Thurstonian Scaling of Compositional Questionnaire Data

Brown, Anna (2016) Thurstonian Scaling of Compositional Questionnaire Data. Multivariate Behavioral Research, 51 (2-3). ISSN 0027-3171. E-ISSN 1532-7906. (doi:https://doi.org/10.1080/00273171.2016.1150152) (Full text available)

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http://dx.doi.org/10.1080/00273171.2016.1150152

Abstract

To prevent response biases, personality questionnaires may use comparative response formats. These include forced choice, where respondents choose among a number of items, and quantitative comparisons, where respondents indicate the extent to which items are preferred to each other. The present article extends Thurstonian modeling of binary choice data (Brown & Maydeu-Olivares, 2011a) to “proportion-of-total” (compositional) formats. Following Aitchison (1982), compositional item data are transformed into log-ratios, conceptualized as differences of latent item utilities. The mean and covariance structure of the log-ratios is modelled using Confirmatory Factor Analysis (CFA), where the item utilities are first-order factors, and personal attributes measured by a questionnaire are second-order factors. A simulation study with two sample sizes, N=300 and N=1000, shows that the method provides very good recovery of true parameters and near-nominal rejection rates. The approach is illustrated with empirical data from N=317 students, comparing model parameters obtained with compositional and Likert scale versions of a Big Five measure. The results show that the proposed model successfully captures the latent structures and person scores on the measured traits.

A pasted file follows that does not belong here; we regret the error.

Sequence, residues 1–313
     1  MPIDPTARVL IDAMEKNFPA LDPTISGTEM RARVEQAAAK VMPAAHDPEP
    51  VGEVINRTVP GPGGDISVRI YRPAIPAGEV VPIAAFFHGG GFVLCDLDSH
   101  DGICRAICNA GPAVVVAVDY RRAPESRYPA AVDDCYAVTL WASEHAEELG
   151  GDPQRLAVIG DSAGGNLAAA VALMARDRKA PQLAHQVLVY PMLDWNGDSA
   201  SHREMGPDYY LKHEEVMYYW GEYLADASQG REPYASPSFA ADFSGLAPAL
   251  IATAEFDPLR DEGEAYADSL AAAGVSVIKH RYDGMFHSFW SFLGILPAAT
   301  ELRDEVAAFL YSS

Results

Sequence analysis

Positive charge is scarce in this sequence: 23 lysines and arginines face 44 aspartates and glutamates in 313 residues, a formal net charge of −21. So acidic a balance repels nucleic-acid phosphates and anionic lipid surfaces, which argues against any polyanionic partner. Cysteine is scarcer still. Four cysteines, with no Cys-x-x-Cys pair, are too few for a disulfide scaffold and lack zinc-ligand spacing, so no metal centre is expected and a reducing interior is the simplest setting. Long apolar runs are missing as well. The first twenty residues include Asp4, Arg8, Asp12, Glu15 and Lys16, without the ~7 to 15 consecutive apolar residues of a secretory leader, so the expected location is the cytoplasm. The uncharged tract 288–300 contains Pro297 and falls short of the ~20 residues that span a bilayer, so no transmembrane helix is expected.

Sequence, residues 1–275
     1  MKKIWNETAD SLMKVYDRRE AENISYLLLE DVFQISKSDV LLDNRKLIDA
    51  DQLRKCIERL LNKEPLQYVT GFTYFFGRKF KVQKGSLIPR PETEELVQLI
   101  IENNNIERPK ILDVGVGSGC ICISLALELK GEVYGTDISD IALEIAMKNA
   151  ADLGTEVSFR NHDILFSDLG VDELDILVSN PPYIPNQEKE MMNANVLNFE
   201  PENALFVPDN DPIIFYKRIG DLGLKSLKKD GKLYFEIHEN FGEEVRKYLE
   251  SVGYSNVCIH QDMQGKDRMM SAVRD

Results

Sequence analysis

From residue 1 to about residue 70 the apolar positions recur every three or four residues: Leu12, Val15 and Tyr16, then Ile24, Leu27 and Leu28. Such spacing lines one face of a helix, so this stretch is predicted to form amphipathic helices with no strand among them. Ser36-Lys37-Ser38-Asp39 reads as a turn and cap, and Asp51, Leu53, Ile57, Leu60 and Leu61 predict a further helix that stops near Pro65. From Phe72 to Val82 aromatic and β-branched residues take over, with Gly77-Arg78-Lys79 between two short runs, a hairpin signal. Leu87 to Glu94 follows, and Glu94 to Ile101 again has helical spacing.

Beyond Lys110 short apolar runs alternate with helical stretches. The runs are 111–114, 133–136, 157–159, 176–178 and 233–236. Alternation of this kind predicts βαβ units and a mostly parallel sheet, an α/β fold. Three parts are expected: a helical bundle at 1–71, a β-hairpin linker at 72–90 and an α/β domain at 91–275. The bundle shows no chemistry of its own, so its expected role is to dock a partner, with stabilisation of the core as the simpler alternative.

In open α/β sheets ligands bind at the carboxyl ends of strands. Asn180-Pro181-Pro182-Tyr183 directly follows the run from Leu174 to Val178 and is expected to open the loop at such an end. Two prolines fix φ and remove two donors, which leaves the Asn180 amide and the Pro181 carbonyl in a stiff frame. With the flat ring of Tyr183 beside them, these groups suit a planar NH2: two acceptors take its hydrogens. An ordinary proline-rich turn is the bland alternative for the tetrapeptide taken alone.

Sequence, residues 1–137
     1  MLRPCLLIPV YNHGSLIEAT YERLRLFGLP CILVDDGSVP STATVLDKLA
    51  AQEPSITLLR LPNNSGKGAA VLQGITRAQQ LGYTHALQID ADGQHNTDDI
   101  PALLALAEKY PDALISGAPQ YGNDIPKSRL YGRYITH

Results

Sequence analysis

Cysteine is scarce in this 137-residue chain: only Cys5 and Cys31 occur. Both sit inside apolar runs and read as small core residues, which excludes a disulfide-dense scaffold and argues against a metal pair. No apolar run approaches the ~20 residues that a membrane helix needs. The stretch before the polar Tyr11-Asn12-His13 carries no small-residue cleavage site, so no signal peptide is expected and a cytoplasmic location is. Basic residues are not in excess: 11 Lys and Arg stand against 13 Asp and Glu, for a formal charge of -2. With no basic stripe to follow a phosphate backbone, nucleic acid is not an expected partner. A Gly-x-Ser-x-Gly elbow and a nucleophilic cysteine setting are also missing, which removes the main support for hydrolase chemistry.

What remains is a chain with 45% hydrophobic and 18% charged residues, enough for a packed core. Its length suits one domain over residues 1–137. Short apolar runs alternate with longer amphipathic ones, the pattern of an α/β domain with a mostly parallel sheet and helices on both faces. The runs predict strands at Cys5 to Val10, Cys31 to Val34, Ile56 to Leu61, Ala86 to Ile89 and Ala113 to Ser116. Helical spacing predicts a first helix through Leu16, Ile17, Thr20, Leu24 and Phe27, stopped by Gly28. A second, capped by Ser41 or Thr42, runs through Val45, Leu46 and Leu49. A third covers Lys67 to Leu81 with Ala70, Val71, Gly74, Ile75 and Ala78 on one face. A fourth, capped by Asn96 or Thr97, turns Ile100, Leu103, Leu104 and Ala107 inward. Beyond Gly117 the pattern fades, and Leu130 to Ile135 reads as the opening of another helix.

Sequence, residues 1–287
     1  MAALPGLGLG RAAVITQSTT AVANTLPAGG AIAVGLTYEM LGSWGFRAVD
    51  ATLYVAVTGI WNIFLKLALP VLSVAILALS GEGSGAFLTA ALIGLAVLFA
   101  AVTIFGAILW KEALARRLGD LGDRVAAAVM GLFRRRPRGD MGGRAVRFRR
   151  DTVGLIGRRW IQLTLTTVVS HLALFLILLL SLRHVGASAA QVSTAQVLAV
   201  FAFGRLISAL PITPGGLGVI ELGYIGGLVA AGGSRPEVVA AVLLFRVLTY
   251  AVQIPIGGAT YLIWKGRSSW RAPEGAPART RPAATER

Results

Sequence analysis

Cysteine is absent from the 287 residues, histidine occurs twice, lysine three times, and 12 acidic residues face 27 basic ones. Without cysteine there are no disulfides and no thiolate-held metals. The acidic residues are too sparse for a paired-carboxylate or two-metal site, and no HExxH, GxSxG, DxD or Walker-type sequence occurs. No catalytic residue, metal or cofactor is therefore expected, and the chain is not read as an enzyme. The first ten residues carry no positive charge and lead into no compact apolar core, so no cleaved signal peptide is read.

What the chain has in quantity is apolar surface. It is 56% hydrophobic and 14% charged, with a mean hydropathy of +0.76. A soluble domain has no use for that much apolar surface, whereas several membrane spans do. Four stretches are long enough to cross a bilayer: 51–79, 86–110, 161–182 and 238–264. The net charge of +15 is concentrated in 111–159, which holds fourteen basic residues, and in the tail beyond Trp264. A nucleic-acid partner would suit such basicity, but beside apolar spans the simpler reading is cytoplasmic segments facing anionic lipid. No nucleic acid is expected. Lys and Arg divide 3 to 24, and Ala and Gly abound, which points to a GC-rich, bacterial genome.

Item Type: Article
Uncontrolled keywords: Thurstonian factor models, compositional data, multiplicative ipsative data
Subjects: B Philosophy. Psychology. Religion > BF Psychology
H Social Sciences > HA Statistics
Divisions: Faculties > Social Sciences > School of Psychology > Applied Psychology
Depositing User: Anna Brown
Date Deposited: 17 Feb 2016 09:06 UTC
Last Modified: 10 Oct 2016 15:12 UTC
Resource URI: https://kar.kent.ac.uk/id/eprint/54224 (The current URI for this page, for reference purposes)
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